I'm fascinated by how climate and soil produce markedly different wines in different parts of the world so I like to drink from all over. That said, I feel that the wines from the New World - California, South America, Australia and South Africa in particular, strive for a singular style - big, ripe round wines that appeal to a large number of people. Producers from these places (not all but many) tend to shape the wines in the winery to fit a style and that robs the wine of its original character that nature bestowed upon it and I find that incredibly boring. That's what Coca Cola is for. So, for that reason, I would suggest looking to Europe. And specifically to the producers that have been making wine for generations. And even more specifically to producers who put the family name on the label. Wines like "Layer Cake" or "Yellow Tail" are concerned with branding. Producers who put their name on their product are concerned about quality. The South of France still has very good values and they're making some excellent wines down there now after years of just producing plonk. Also the Loire Valley in France produces some of the most interesting and delicious reds for not a lot of money.
Regions for whites?
Muscadet from the Loire Valley in France is delicious. Don't confuse it with Moscato which can be quite sweet. Muscadet is bone dry and crisp and a little savory and most of them are around $15
And pinks a.k.a. Rosé?
My favorite rosés usually come from Provence. They're fresh, crisp and minerally with subtle perfume and subtle fruit. But if you like juicier rosé, Spain makes some excellent ones.
What are some good rules to follow when selecting wine?
Ask for guidance. If you want to buy a nice wine for your Christmas dinner and you know Barolo is a nice wine, you may spend $75 and not enjoy it. Why? Well, it may have needed a decanting or just been simply too young to drink. Or maybe Barolo is too big a wine to go with the food you've prepared.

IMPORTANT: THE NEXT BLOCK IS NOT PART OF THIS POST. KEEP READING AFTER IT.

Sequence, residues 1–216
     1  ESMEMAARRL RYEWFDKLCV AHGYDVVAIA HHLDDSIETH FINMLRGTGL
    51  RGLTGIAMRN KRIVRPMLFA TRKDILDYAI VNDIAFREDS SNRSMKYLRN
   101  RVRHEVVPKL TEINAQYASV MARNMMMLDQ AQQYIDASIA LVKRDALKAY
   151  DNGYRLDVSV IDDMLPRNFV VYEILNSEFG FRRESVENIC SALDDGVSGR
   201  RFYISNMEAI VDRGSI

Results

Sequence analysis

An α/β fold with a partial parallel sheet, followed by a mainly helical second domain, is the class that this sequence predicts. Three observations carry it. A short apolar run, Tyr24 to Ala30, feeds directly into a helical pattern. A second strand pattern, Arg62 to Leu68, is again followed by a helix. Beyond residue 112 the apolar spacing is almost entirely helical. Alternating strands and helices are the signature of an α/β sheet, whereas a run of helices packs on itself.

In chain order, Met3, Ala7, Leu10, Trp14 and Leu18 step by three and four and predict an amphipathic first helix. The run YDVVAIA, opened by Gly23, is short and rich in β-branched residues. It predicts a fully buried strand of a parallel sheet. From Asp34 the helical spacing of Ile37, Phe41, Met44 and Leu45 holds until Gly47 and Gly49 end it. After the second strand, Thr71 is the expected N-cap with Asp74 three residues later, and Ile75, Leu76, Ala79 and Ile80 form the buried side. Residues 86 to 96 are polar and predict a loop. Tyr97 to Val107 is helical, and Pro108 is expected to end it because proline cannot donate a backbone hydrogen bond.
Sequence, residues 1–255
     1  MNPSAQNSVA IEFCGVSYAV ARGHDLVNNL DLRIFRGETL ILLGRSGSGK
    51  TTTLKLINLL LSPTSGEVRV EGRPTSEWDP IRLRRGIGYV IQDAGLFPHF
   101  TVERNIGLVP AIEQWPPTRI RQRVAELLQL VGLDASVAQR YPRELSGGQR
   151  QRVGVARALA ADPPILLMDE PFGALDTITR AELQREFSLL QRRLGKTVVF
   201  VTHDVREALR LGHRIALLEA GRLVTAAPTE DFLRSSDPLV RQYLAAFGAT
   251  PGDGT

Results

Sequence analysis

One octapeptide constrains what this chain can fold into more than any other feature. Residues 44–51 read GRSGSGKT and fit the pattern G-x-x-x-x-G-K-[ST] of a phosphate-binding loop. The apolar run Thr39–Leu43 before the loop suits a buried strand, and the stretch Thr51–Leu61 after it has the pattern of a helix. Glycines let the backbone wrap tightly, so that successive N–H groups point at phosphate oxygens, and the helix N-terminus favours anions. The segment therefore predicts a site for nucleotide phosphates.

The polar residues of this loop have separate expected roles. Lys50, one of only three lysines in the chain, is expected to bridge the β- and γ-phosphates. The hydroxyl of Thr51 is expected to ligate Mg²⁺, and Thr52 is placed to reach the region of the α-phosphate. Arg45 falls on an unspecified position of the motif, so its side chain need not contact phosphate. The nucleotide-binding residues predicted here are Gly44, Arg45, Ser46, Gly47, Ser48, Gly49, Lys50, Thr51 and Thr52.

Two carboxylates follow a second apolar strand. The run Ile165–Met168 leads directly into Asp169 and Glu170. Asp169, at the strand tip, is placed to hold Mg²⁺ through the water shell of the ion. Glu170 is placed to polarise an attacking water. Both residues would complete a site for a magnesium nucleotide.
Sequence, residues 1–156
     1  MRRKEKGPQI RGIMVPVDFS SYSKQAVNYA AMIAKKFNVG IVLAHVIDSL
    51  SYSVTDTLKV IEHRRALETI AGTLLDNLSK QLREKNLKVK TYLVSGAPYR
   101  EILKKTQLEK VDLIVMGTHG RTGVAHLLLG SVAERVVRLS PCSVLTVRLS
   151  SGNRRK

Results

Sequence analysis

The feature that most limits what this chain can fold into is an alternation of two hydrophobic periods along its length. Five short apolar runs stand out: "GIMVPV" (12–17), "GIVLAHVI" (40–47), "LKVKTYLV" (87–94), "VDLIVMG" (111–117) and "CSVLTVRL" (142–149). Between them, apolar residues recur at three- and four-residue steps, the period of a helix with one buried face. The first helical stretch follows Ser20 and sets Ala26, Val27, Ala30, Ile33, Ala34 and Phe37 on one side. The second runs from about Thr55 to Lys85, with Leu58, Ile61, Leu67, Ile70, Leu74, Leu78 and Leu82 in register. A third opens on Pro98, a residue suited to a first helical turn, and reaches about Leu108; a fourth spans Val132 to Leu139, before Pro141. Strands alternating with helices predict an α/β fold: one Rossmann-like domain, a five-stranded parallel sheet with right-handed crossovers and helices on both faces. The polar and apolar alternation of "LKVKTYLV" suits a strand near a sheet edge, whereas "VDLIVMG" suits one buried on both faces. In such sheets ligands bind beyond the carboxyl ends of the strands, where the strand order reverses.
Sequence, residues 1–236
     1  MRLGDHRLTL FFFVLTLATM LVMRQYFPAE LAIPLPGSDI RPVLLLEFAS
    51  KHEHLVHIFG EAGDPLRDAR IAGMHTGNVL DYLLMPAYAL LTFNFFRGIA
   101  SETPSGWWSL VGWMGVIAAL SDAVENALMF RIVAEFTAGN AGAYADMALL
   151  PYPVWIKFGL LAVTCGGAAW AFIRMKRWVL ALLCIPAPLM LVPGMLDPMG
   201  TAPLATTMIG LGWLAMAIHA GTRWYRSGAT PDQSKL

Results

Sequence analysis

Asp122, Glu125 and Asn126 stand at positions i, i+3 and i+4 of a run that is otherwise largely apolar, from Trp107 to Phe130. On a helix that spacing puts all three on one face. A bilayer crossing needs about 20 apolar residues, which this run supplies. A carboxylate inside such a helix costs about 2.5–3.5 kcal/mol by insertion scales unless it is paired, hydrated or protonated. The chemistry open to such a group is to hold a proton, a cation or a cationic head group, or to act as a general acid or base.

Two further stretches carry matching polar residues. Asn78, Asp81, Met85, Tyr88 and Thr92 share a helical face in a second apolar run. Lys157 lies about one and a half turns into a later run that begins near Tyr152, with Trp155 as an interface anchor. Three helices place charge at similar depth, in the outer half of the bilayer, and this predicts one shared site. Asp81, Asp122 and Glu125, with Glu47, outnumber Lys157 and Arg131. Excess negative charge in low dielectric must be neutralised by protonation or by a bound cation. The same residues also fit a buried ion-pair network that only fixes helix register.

What would you suggest we do if we want try a wine at a restaurant but can't pronounce the name of it?
Point. Again, don't be ashamed that you don't speak French or Italian. If the sommelier gives you attitude, it's his/her problem. Not yours.
Do you support the age old notion that whites are for fish and poultry and reds for red meat? Why or why not?
It's not quite that simple. You can drink a red with fish but it should be unoaked, very light in body and low in tannin. Otherwise, it will ruin the fish and the fish can make the wine taste metallic. I always drink salmon with reds - pinot noir is a great pairing. Heartier poultry dishes like coq au vin can certainly stand up to red wine but it shouldn't be too heavy. Loire reds or Rhone reds are usually great.
Anything else you think is important we know?
Invest in crystal wine glasses. It makes a world of difference in how the wine is delivered to your mouth. All wine tastes cheap out of cheap wine glasses. You need crystal for it's thin rim. And don't get the stemless. You need a stem to hold the wine. Don't hold your wine glass by the bowl - it warms the wine and leaves the glass looking a wreck with smudgy fingerprints.
Don't be afraid to swirl and smell your wine. It's not pretentious, it's part of the experience. It'd be like going to the beach or the mountains and not enjoying the smell of the air. Make the most of your wine experience--that means swirl and smell it, taste it and look at it. The color is beautiful. Enjoy that too.
Drink your reds with a slight chill - lighter reds at around 60F and fuller reds around 65F. Drink your whites cool, not cold. Crisp whites like Sauvignon Blanc around 45F. Fuller whites like Chardonnay do better around 50F. Drinking them too cold mutes the flavors.
And if you really like a wine, remember what it was. Take a picture of it with your phone. So many people come in our store and say that they bought a wine they really liked but can't remember the name. "It had a blue label, maybe". We want you to have great wine experiences. You have to take some responsibility.
Visit Steve at September Wines and Spirits 100 Stanton St. New York, NY for more information.Read Resolution #1: I Will Dress Myself Better here.